Want to Be Genuinely Admired and Well-Liked? Do Any One of These 9 Things

But first, a warning: It’s not about you.

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BY Marcel Schwantes - 16 Mar 2017

PHOTO CREDIT: Getty Images

Let me first say, being well liked and admired will require your ego to be checked at the proverbial door.

To get the vibes you want from people (whether they're acquaintances, colleagues or good friends) that will further your personal or career path will really take a mindset of adding value in meaningful exchanges. In the end, being liked, respected, and looked-up to is certainly not about you.

Use these habits to attract others to you and watch your likability soar.


1. Do a five-minute favor for someone

Five-minute favors are selfless giving acts, without asking for anything in return from the people that you help. Examples of five-minute favors include: sharing knowledge, making an introduction, serving as a reference for a person, product, or service, or recommending someone on LinkedIn, Yelp, or another social place.These five-minute favors have broadened and deepened my relationships, injecting greater meaning and satisfaction into my life.


2. Share positive experiences

Studies have found that sharing the good things that happen in your life is the way to happiness. Participants that shared positive experiences with another person at least twice a week were more satisfied with life.


3. Stop getting the attention and focus it on other people

There's something magical that happens when you let other people talk about themselves, their lives and what's important to them. They respect you and when the tables turn, they'll be more curious to know about you as a result. When we shine the spotlight on someone else and let that person be seen, heard, and considered special--it becomes enjoyable to do so, and gives us a peaceful and quiet confidence that the spotlight will soon be ours.


4. React to good news with genuine enthusiasm

Researchers call it active and constructive responding (ACR). If an acquaintance or colleague shares good news (say, a promotion), there are many ways in which you could respond to this news. An ACR response might be, "That's fantastic! Your hard work paid off big time. We need to celebrate, can I buy you a drink?" An ACR response shares in people's joy and excitement, and shows interest and curiosity. By doing so, you'll develop and maintain strong personal relationships and feel more positive.


5. Soak up the wisdom of another person

Look at yourself as a small fish in the great big pond of life--seeking out connections to learn from. Who are the people of influence in your life? Invite one of them to coffee, and learn something new from this person. It will make you instantly likable, not to mention you'll be a better person because of it.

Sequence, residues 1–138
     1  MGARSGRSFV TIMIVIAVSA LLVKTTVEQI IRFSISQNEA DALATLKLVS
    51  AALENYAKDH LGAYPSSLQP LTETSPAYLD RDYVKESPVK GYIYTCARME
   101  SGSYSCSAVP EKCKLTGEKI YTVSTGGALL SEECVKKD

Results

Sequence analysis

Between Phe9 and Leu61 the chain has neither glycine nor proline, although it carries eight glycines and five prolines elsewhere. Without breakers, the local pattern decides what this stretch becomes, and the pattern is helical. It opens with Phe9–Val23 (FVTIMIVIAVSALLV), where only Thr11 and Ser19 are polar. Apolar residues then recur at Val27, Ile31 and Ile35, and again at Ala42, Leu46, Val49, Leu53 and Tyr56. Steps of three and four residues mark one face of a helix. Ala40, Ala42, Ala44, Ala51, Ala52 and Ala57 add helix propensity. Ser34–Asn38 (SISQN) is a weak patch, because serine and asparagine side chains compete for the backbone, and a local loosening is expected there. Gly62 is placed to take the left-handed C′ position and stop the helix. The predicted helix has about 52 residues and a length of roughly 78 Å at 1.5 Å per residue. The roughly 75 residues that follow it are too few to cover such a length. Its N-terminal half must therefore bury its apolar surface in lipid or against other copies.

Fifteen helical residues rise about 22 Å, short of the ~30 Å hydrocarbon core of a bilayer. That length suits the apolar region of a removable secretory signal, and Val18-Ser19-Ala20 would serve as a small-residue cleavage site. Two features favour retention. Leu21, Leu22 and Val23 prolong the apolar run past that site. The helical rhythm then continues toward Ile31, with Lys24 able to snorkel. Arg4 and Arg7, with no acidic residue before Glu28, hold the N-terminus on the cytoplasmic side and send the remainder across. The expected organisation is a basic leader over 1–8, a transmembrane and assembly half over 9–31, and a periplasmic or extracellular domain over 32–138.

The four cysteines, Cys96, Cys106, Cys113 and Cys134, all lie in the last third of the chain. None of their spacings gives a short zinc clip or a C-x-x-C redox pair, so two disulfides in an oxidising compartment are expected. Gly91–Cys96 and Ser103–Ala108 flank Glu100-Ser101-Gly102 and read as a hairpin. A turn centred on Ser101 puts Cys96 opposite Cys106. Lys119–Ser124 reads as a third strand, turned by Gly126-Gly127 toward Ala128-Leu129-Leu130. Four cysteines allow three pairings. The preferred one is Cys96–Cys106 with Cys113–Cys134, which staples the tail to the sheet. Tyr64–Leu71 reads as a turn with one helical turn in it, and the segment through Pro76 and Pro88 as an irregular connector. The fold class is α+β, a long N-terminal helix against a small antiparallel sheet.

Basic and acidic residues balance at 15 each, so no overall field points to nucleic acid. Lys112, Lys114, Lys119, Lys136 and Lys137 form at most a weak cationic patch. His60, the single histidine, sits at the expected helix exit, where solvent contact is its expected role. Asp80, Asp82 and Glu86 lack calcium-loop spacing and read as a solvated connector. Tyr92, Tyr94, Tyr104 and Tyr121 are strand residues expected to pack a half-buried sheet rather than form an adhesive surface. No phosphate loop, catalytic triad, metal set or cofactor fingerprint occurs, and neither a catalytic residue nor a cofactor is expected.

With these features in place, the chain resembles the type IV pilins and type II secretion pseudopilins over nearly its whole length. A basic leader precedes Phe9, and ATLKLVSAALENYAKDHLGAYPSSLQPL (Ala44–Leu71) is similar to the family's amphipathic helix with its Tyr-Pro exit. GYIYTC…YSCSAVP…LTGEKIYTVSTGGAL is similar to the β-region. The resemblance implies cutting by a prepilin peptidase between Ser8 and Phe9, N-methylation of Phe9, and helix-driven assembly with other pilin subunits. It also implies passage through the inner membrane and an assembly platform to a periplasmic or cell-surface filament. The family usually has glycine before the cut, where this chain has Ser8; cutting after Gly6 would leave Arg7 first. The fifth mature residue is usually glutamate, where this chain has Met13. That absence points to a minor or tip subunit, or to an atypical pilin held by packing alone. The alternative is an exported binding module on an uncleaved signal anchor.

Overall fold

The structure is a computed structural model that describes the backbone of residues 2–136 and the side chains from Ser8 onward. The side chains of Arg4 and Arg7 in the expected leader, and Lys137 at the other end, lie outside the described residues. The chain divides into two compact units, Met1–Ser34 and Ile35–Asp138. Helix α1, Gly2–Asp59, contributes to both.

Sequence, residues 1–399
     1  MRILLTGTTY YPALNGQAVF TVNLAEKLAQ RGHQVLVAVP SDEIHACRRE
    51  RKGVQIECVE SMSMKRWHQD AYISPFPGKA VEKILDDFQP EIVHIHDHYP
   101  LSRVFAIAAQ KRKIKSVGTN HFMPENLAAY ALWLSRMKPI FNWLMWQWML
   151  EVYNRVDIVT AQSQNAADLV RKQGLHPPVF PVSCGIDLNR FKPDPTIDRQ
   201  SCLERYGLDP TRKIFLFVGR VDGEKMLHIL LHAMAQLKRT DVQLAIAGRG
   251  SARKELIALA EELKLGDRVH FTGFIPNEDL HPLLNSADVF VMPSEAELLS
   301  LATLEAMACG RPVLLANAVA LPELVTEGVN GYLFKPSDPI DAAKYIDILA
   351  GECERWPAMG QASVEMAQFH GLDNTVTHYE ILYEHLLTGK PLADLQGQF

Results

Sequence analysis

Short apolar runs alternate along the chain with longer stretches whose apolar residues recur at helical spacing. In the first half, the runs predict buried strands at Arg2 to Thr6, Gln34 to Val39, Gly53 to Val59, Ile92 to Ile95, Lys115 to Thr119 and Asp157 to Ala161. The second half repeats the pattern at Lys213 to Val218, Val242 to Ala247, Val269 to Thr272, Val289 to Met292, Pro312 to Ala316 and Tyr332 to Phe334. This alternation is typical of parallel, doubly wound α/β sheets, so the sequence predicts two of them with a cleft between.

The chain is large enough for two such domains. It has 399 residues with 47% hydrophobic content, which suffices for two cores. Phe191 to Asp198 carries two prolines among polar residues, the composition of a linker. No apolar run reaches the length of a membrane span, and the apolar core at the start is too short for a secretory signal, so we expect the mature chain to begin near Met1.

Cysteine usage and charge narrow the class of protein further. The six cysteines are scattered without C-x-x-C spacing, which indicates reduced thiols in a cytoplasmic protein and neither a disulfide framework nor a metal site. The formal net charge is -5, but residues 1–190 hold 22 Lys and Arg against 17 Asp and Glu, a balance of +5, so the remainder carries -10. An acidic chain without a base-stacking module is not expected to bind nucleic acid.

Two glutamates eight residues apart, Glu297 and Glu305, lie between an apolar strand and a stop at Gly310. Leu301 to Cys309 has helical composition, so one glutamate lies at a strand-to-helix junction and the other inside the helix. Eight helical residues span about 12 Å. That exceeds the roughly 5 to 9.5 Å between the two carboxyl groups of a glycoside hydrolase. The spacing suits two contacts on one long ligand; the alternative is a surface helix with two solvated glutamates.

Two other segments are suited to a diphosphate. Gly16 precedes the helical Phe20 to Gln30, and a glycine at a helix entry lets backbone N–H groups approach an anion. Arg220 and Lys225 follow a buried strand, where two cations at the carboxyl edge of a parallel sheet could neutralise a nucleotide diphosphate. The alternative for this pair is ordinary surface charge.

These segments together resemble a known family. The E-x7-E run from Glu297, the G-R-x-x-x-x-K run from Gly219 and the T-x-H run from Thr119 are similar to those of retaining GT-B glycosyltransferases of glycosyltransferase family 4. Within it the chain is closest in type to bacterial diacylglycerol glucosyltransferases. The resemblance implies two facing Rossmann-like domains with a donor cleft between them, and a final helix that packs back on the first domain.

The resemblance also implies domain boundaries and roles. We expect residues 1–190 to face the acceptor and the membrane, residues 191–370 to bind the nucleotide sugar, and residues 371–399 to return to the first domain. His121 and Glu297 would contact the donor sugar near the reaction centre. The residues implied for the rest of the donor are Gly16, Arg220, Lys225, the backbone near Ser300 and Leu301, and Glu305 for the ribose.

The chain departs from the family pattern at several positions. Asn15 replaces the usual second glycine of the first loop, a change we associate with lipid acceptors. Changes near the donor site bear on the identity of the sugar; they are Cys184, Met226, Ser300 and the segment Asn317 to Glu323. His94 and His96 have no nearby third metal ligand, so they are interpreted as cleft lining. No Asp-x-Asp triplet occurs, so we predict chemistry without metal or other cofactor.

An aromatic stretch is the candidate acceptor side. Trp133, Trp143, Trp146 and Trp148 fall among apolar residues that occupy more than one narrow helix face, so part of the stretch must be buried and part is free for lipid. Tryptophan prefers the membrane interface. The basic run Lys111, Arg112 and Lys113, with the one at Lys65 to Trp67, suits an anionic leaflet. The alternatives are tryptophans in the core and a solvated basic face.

6. Express kindness through a text or email

Take two minutes each day to write a positive email or text praising or thanking someone you know. And do it for a different person each day. Positive psychology research says people who do this become known as positive leaders with strong social connections--the greatest predictor of long-term happiness.


7. Look at people in the eye, smile, and say hello

We live in such a fear-driven and insulated culture that we don't even look people in the eye when we're walking down the street, sitting in subway trains, or even when making our way through office hallways. Just for today, think of strangers as being a little more like you, and treat them with the kindness and respect they deserve: Look them softly in the eye, smile, and give a warm greeting.


8. Look at a situation by taking in the whole picture

We call it self-awareness. It's choosing to see two sides of an issue by tapping into our feelings and those of others for a different, and better, outcome. Looking at something through different lenses helps us to respond appropriately in social situations instead of reacting ugly or impulsively to people. This will send your likability meter off the scale. By redirecting negative thoughts and emphasizing positive ones, you can enjoy interpersonal relationships much better.


9. Relax and be more spontaneous

Doing both are really necessary for being a likable person in the company of others. So if you're at work and stress is taking its toll, take a break, do breathing exercises, go for a walk outside, curl up for a 15-minute power nap, or play a game. This will make a huge difference once you get back into dealing and interacting with your colleagues again, as they'll notice a shift in your demeanor and a bounce in your step. Here's the spontaneity part: Go on a date with your spouse to a new ethnic restaurant, stopping afterward to watch the sunset. At work, offer to make someone coffee (especially someone that reports to you). And next week, think about picking up a new hobby. Surprise yourself!